A Batemans Bay trans woman has expressed her anger and disappointment at a campaign in the Sydney Anglican Diocese to retain the power to discriminate against gay teachers.
Kate Toyer, who underwent her transition several years ago, said she was tired of having her sexuality at the centre of religious debate.
She has a child at St Peter’s Anglican College Broulee.
She said a letter signed by 34 Anglican principals – including the principals of Shellharbour Anglican College, the Illawarra Grammar School (TIGS) and Nowra Anglican College – calling on the protection of religious freedoms in schools was “absolute hypocrisy”.
The letter, sent to all federal MPs last month, said that while schools would not expel gay students or staff, they wanted to preserve the right to employ people who "support the ethos of the school".
“That letter is a little bit like someone saying, ‘I promise I won’t shoot you, but if I could just keep my gun and bullets anyway’,” Kate said.
“If you’re not going to shoot us, why do you need a gun?”
She called on the principals backing the campaign to accept members of the LGBTI community and “rainbow families”.
“When you see this letter and you’ve got these principals saying ‘we’ve never had a teacher sacked or student expelled’, it’s plausible they wouldn’t ostensibly do that, but they make it incredibly uncomfortable,” Kate said.
A practicing Catholic, she said the debate had caused distress for her family; however, she was grateful for the support she had received from St Peter’s.
Last week, college principal Darren McPartland labelled the letter as ‘misguided’ and said LGBTI people would always be welcome at the school
“There’s a sense of gratitude and shared understanding that this is someone who is going to support me and my family – it’s relieving,” Kate said.
“You feel a sense of validation. There’s a sense that I’m not alone. That they’ve got my back.”
Given the chance to sit with the 34 principals behind the campaign, Kate had one question: “Why can’t you just love us as we are?”
Read an open letter to all members of Parliament of Australia from heads of Anglican schools
As Principals and Heads of Anglican Schools in Greater Sydney and the Illawarra we write this public letter to all members of Parliament of Australia.
There has been quite some discussion recently about the rights of faith-based schools and their current exemptions under federal anti-discrimination legislation. The debate has been polemicised as the right to expel gay students, with little evidence that this occurs, and the right to dismiss gay staff members, again with little evidence that this occurs.
By and large across faith-based schools, the issue at hand is the right to employ staff who support the ethos of the school. Some schools require evidence of an active faith that is consistent with the philosophy and ethos of the school. In other schools, there is a preference for employment of active adherents of the faith, but other staff, who may not personally identify with the faith, are still expected to support the overarching mission and ethos of the school. This is not inconsistent with the practice of most employers and their corporate goals, let alone political parties. It is overly simplistic to state that a teacher merely delvers academic content in the classroom. This ignores the powerful mentor and exemplar role all teachers play, and are expected to play, in the education of young people. Therefore, it is essential that a teacher supports the values, ethos and mission of the school as much as he or she can. It is not appropriate, for example, for a teacher to undermine or denigrate the beliefs and teachings of an employing school. This is a reasonable expectation not only of the employing school but also of many parents and families who have chosen the school for their children's education.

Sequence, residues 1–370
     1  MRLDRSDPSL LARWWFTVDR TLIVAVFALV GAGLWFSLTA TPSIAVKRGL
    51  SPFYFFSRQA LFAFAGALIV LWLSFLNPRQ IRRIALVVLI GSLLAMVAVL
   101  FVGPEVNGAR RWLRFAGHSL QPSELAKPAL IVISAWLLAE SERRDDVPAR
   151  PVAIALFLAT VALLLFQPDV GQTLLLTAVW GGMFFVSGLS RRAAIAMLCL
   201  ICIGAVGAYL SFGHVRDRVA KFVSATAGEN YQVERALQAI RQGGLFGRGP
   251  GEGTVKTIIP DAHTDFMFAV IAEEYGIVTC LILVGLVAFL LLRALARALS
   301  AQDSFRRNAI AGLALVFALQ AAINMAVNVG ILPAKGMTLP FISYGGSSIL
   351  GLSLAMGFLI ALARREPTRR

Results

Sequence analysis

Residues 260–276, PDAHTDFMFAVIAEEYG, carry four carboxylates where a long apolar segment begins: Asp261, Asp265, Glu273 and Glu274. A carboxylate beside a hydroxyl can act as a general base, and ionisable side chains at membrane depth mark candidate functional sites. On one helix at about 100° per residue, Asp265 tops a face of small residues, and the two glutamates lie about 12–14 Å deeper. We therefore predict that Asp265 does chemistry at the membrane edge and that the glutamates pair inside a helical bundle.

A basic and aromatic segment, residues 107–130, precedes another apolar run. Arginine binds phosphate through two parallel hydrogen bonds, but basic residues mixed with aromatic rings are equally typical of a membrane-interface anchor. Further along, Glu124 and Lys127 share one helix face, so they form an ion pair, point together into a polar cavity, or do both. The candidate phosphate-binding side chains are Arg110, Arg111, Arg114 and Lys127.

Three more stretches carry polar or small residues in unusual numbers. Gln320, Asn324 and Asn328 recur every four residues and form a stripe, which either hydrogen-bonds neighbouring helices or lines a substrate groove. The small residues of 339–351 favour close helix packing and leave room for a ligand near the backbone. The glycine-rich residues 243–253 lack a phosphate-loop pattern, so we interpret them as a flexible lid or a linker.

There is no effective protection under Australian law that guarantees religious freedom for both belief and action. This is strange given that it is enshrined in the United Nations' International Covenant on Civil and Political Rights, which Australia has formally ratified. The current exemptions, however clumsy, in the Sex Discrimination Act 1984 are really the only significant legal protections available to school to maintain their ethos and values with regards to core issues of faith. A more general positive right would be far better, but until such time as religious freedom is codified in legislation, the exemptions should remain.
Read the signatories of heads of schools here.